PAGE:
When most of us think of scramblers, we probably conjure up that scene with Steve McQueen (or Bud Ekins, anyway) jumping a barbed wire fence in The Great Escape (if you're of a certain age, anyway, cough). Built for the road but adapted for the dirt, scramblers evolved into fun and affordable bikes over the years, with open, simple designs. They may have gone away for a few dark years but, like anything retro, the original do-it-all-machines have enjoyed a resurgence recently.

The recipe used to be simple: Take a streetbike; strip off the bodywork and other unnecessary bits; fit longer-travel shocks, high-mount pipes, knobby tires, and higher bars; and go riding. But that was then and the modern formula has taken on added complexity, with many of the higher-end models featuring rider aids like traction control, riding modes, switchable ABS, and even adjustable suspension. Most of these are purpose-built machines, but generally scramblers offer classic styling and a balance of on-road worthiness and off-road prowess without the stormtrooper vibe of a full ADV bike. Some are more about fashion than function though, and it pays to check the specs. Here are our top picks for 2019 (all available in the US).

2019 BMW R nineT Scrambler: $12,995
R nineT Scrambler
Despite cost-cutting measures like cast wheels, a traditional 43mm fork, and no tach, the Beemer can still handle fire roads.Courtesy of BMW

The Bavarians nailed the urban scrambler style from the jump, and at the heart of the BMW Scrambler is a classic 1,170cc flat-twin engine doling out powerful torque and a unique sound. The air-and-oil-cooled opposed twin is also found in the GS, R, and RT models, with an identical output of 110 hp, but it does get a revised fuel map for the Scrambler. Making it feel a wee more dirtworthy is the requisite high-mount exhaust, slightly more suspension travel, rugged finishes, a more relaxed seating position, and a larger 19-inch front wheel typical of scramblers (though the wheels are cast). Non-scrambler bits include a monoshock, a traditional fork, and street-biased rubber, though all these can be upgraded (for a price). The R nineT Scrambler nails the look perfectly, but expect some compromise in the off-roading department; this is basically a 485 lb. streetike with better clearance. Its pricier, slightly heavier R nineT Urban G/S sibling is slightly more dirt-worthy, so at the end of the day it comes down to personal choice. More info here.

2019 Ducati Scrambler Desert Sled: $11,995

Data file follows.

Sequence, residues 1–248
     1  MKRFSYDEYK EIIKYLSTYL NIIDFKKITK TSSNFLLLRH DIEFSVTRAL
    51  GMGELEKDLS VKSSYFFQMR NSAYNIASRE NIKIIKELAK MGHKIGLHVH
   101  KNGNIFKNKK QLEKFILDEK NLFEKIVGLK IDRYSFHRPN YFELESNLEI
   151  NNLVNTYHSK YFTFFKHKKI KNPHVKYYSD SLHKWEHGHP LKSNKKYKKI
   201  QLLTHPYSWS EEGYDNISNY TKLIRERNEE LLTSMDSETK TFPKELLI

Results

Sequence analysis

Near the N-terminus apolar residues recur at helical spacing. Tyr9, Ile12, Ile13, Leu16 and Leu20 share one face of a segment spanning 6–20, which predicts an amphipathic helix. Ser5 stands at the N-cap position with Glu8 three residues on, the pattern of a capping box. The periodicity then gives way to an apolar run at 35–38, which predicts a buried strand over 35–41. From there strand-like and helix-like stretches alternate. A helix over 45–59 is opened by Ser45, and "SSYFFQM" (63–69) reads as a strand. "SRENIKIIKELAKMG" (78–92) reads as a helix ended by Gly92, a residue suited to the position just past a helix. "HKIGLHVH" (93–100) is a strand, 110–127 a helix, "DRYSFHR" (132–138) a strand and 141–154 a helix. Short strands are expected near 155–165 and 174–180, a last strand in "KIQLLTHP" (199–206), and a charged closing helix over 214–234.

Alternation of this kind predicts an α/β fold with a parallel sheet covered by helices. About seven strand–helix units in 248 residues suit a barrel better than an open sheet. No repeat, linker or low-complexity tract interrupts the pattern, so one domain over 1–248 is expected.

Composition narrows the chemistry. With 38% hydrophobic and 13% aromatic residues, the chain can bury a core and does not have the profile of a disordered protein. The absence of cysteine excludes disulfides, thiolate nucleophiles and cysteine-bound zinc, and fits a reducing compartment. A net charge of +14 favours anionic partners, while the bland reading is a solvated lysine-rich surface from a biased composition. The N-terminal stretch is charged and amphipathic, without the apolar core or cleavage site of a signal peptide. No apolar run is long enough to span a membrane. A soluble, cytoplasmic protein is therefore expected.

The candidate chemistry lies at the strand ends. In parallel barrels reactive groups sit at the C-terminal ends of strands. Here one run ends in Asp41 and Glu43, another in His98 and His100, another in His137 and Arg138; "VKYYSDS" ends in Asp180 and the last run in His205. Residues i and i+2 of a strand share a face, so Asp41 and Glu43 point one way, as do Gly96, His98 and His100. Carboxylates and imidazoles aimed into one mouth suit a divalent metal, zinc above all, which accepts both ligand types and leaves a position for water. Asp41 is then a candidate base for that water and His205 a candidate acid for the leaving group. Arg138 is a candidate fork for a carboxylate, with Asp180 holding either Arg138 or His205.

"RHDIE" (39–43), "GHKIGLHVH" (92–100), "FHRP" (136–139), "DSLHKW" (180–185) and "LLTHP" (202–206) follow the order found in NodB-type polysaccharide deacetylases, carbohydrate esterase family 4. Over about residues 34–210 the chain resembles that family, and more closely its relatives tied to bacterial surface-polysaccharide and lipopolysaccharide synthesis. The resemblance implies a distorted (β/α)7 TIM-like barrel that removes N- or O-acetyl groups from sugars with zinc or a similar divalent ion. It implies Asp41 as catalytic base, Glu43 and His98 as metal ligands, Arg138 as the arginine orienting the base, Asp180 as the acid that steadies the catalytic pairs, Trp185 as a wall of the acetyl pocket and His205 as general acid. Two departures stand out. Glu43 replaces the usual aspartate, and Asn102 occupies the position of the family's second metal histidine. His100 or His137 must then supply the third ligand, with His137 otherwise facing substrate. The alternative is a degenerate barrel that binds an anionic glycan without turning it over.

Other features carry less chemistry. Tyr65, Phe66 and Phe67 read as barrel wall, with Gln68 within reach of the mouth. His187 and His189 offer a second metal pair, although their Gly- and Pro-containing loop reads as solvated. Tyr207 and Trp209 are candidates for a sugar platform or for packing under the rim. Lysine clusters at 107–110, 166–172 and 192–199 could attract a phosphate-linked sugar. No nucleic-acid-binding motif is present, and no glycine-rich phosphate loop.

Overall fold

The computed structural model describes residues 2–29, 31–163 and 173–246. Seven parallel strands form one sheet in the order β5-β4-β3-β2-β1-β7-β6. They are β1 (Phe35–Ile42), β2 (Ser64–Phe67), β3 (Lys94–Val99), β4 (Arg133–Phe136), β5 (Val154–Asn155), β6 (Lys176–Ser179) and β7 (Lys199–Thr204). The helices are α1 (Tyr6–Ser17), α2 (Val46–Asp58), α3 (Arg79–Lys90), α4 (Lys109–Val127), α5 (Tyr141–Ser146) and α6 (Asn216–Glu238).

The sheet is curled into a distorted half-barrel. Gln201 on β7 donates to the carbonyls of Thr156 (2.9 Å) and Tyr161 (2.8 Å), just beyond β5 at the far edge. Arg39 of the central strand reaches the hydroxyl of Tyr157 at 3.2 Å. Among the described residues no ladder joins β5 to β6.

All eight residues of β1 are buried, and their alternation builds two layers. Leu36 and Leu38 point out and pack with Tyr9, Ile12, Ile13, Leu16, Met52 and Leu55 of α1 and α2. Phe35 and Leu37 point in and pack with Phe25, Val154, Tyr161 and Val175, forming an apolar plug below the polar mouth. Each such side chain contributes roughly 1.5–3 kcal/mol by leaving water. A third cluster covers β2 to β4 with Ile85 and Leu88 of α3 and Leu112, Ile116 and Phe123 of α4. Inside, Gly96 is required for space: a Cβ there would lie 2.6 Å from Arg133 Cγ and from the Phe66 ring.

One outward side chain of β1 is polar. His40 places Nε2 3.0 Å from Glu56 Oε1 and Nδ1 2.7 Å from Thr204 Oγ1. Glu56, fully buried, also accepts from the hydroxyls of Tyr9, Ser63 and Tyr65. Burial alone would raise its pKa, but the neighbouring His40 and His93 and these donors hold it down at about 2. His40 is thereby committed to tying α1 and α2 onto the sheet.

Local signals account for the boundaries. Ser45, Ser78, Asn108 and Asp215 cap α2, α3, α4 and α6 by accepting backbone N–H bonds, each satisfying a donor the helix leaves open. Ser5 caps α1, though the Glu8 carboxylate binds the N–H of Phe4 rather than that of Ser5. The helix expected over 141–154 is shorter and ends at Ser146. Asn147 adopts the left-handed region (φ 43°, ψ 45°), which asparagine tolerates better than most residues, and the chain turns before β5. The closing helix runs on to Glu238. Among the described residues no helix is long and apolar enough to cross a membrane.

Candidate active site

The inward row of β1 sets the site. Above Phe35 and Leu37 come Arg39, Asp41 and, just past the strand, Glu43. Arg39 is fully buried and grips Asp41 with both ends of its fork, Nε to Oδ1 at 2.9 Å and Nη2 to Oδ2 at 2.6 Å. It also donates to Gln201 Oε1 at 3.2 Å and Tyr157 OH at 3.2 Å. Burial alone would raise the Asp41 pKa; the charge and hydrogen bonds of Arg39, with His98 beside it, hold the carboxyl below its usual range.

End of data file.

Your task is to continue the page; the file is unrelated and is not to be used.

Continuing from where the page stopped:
Scrambler Desert Sled
Ducati offers five scrambler-style machines of varying displacements and Scrambler has become its top-selling line.Courtesy of Ducati

Ducati brings a full line of 800cc scramblers, with the Scrambler Icon, Desert Sled, and Scrambler Full Throttle all equipped for some type of brown-top scrambling, but the Desert Sled is probably the most versatile, with a heavier-duty and fully adjustable 46mm USD fork (with 7.9 inches of travel), a stouter swingarm, a 19-inch laced front wheel, and Pirelli Scorpion Rally STR rubber. Wet weight? 417 lbs., so not exactly a lightweight. Bosch Cornering ABS now comes standard on all Scrambler 800 models, making them the only motorcycles in the mid sized scrambler class with that safety technology.

If you need more—or less—muscle, Ducati has two other options as well, with the bigger Scrambler 1100 and the baby 400cc Sixty2, for a total of five true scrambler options.

The Desert Sled will set you back $11,995, but the Scrambler Icon is priced at under $10K. Details can be seen here.

2019 Triumph Scrambler 1200 XE: $15,400
Scrambler 1200 XE
Triumph’s robust 1,200cc Scramblers are fully equipped for desert duty, while the 900cc model is more street-oriented.Courtesy of Triumph

Triumph arguably has the deepest roots in the style, stretching back as the TR5 Trophy in the late '40s, all the way up to the popular desert sleds of the '60s, and then the reintroduced Bonneville-based Scrambler in 2006. Today the Brits are just as invested in the class, with three scrambler variations in the mix. Its new 1200 XC and XE are the heavy hitters, boasting 1,198cc liquid-cooled parallel-twin motors designed to conquer urban lanes as well as dirty trails, and Senior Editor Justin Dawes called the duo "the real deal" after blasting around on them in Portugal. Those who take their scrambling seriously should look to the top-of-the-range XE, which brings a longer-travel adjustable suspension (9.4 inches of travel from the fully adjustable fork), switchable ABS and traction control, and a claimed 88 hp and 81 pound-feet of peak torque, all intended to really get down and dirty, while the XC, with its lower seat and narrower handlebar, is more inclined to favor country roads (though it can still rumble off road). Both wear a classic profile enhanced by 21-inch front wheels, Brembo brakes with ABS, and selectable riding modes.

Doing just blacktop and the occasional fire road? Opt for the smaller, street-oriented 900cc Street Scrambler which also got major upgrades like better suspension and a boost in horsepower last year, but embraces the retro style more fully.

2019 Indian FTR 1200 (shown with Rally Collection): $13,499 (base)
FTR 1200